I checked out the #BanglaSpring tag on Twitter yesterday. First impression was yet another social media engineering event using realistic looking but fake accounts.
A lot of the information being posted is hard to verify –
I just saw a Facebook post about Bangladesh in Arabic from a page supposedly created to support Syria. Really? With everything happening in Syria right now that page admin thought this was the time to focus on Bangladesh? The post showed 165 likes and 100 shares in one hour. A post on the same page about a distress call from Syria had just 3 shares and 38 likes after 2 hours.
Also, I saw Facebook posts and tweets exposing a fake “anon” #OpBangladesh campaign:
#OpBangladesh featured on this site after the April clothing factory fire. The original incarnation of this site was abused by certain individuals for purposes of infiltration and manipulation back in 2009 with #IranElection. It has since been upgraded and old links no longer work.
Finally, here is a call from Anonymous Bangladesh via Anon Arts International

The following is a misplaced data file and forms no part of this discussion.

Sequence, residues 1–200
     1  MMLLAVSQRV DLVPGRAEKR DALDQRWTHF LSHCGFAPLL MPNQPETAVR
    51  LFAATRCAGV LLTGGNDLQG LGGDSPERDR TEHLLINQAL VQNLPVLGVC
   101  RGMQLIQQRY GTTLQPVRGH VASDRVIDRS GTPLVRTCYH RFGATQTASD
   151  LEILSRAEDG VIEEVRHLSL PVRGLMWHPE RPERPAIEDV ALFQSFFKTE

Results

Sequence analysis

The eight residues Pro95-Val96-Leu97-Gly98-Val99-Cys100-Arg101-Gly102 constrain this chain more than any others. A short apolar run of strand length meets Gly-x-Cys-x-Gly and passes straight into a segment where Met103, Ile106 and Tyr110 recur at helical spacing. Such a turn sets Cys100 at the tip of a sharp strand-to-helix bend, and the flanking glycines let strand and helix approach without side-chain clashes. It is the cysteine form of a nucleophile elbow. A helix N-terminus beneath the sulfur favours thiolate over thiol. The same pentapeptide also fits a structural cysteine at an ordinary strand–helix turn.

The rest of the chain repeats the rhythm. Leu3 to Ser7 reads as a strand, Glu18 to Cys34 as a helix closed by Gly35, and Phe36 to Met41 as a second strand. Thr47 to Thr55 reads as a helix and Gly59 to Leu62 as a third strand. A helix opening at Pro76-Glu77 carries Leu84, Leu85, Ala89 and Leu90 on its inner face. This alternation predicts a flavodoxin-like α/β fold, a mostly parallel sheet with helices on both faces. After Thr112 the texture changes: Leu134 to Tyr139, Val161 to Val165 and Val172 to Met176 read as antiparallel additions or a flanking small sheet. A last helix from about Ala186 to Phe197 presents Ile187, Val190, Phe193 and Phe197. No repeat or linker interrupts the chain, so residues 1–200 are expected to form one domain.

Attention Call from Anonymous Bangladesh***********************************
We want to tell you that and be sure about that. We Anonymous Bangladesh is not associated with Updates regarding #OpBangladesh by #Anonymous. Not only Anonymous Bangladesh, Team Anonymous also is not associated with any hacktivism related with this operation.
Stay sharp. Don’t believe in any spam reports.
Taken together, these facts clinch it for me: way too much mango-flavored kool-aid.
If there are any real #BanglaSpring activists they are going to have to work real hard to get support and attention from anyone in the “activist diaspora” who is now wary because of these operations. They also need to wise up and watch out for astroturfing.
To be honest I was expecting the next event to be in the Caucasus/former Soviet region because I saw signs of old bots being reactivated. There’s still time for that to kick off!